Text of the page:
Stanford University – Priscilla Yang

The Novo Nordisk Foundation has awarded a grant of USD 2,508,457 to support early development of Henipavirus antivirals.

The world lacks vaccines and antivirals to combat Nipah and Hendra viruses, members of the Henipavirus genus with high fatality rates and pandemic potential. Efforts to develop drugs analogous to those that cure hepatitis C virus and allow long-term control over the human immunodeficiency virus have not yet yielded success. In the project “Pilot studies to develop small molecule inhibitors and degraders targeting Henipaviruses” the principal investigator Priscilla L. Yang has assembled an excellent team consisting of Nathanael Gray Stanford University, Jianwei Che Dana-Farber Cancer Institute, Sean P. J. Whelan Washington University in St. Louis, Hector Aguilar-Carreno Cornell University, and Anne Moscona Columbia University. In their project they aim to develop small molecule antivirals with broad-spectrum activity against Henipaviruses by (1) irreversibly inactivating the viral polymerase, L, which copies the viral genome, (2) blocking the function of the F protein, a protein on the virion surface required for infection and for production of progeny viruses; and eventually (3) by inducing degradation of the L or F proteins, irreversibly removing them from the cell so that the virus cannot propagate itself. In addition to addressing the large, unmet need for Henipavirus drugs, the work will develop and utilize innovative approaches that may be useful in developing antiviral drugs against other viruses. The project is hosted at Stanford University, USA and will commence in April 2023 and run for 3 years.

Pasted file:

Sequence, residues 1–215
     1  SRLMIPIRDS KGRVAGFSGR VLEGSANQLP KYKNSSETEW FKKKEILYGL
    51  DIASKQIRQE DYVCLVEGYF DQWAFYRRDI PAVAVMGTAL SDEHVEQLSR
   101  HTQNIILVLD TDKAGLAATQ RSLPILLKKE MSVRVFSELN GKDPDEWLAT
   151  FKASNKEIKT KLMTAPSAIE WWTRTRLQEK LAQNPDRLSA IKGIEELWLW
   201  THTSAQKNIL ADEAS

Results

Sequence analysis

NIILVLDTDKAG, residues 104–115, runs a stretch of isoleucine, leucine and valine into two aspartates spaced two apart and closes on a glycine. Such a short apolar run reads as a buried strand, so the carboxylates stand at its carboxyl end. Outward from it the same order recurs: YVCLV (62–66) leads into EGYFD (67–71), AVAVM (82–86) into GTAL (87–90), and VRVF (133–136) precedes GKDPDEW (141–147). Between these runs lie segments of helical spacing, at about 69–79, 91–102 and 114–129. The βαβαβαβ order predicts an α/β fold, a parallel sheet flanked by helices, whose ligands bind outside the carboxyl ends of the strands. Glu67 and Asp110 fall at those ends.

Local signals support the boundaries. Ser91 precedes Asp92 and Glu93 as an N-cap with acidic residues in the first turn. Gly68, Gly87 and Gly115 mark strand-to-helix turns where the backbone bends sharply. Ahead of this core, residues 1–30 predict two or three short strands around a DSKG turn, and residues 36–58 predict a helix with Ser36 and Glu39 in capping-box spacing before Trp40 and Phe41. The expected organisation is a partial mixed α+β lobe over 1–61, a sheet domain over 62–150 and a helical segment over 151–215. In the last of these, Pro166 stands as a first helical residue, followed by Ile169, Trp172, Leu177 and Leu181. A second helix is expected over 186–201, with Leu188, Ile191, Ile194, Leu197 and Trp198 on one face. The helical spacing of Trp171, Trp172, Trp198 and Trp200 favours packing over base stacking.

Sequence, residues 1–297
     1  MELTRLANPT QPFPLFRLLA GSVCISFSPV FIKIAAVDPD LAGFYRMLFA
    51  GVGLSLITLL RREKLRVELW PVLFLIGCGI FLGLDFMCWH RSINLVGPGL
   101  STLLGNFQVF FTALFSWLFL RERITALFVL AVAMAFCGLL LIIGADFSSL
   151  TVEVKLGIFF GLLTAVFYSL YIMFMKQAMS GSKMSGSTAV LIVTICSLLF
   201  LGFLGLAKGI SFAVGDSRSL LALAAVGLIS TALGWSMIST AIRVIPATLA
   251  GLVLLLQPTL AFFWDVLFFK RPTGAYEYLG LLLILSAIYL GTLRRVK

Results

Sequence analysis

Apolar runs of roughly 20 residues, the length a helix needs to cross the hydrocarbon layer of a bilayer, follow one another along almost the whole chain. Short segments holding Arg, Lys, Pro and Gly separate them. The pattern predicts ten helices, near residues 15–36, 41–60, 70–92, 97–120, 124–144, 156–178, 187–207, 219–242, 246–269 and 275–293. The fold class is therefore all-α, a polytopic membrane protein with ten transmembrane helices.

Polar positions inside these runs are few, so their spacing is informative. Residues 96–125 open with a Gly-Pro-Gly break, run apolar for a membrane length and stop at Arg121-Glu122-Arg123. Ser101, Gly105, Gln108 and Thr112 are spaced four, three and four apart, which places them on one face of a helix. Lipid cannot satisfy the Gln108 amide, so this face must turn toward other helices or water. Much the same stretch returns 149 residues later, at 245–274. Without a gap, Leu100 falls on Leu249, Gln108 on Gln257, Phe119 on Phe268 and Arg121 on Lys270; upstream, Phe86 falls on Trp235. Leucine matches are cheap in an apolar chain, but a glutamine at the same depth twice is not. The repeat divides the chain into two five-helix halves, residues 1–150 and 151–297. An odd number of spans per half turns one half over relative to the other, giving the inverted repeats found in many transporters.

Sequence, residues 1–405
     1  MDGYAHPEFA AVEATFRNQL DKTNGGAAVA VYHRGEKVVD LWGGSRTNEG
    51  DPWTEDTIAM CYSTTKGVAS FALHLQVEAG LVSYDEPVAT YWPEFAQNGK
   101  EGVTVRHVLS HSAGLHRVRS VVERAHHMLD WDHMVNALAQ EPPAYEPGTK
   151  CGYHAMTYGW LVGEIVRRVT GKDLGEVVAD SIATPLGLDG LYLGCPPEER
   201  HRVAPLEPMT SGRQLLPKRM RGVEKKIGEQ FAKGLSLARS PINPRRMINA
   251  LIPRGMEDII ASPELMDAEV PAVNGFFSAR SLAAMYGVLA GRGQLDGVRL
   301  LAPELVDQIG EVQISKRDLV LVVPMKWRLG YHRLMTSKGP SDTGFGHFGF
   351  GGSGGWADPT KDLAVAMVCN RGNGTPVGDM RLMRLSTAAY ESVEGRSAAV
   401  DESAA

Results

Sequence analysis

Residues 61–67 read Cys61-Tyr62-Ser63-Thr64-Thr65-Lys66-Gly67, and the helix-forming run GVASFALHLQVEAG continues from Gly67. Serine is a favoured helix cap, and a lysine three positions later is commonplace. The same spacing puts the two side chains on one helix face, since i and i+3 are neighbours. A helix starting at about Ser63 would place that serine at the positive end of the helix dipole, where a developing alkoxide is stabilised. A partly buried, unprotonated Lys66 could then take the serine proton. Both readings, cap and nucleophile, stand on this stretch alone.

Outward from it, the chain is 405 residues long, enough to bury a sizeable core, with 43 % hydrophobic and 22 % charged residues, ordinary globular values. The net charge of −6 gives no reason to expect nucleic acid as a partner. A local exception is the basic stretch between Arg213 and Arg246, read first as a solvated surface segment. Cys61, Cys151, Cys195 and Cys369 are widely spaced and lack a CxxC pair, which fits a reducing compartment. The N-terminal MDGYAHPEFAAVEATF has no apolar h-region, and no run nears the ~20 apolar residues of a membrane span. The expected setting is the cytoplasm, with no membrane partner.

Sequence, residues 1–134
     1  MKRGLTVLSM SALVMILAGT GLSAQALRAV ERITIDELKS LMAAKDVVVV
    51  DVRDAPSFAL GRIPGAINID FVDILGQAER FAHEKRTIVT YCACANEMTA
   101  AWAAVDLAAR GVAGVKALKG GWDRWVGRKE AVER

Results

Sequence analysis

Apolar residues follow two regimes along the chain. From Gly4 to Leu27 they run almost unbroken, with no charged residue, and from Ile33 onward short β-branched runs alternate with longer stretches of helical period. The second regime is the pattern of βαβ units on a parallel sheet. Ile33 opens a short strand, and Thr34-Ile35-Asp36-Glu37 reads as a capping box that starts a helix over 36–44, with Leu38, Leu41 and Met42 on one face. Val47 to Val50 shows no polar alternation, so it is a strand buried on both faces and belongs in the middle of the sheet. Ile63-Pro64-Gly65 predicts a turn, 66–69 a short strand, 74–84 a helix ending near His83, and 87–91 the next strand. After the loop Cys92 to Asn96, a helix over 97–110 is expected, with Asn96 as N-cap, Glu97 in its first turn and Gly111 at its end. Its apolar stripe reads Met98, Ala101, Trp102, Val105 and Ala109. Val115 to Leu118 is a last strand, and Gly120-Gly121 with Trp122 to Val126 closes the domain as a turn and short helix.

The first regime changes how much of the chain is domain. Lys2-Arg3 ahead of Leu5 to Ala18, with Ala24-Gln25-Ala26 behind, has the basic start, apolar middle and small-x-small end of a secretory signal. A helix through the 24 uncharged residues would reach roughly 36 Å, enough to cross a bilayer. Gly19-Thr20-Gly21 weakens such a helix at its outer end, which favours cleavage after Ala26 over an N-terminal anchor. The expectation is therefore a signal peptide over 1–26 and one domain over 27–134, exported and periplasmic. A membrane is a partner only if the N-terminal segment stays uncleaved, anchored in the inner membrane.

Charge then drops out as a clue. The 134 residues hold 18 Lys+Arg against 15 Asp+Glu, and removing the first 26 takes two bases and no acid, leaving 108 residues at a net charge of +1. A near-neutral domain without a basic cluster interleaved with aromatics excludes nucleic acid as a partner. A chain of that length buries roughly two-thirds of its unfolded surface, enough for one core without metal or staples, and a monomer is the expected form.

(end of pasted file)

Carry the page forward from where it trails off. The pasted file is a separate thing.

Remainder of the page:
Picture above from top left to right then bottom: Anne Moscona, Sean P. J. Whelan, Nathanael Gray, Jianwei Che, Hector Aguilar-Carreno, and Priscilla L. Yang.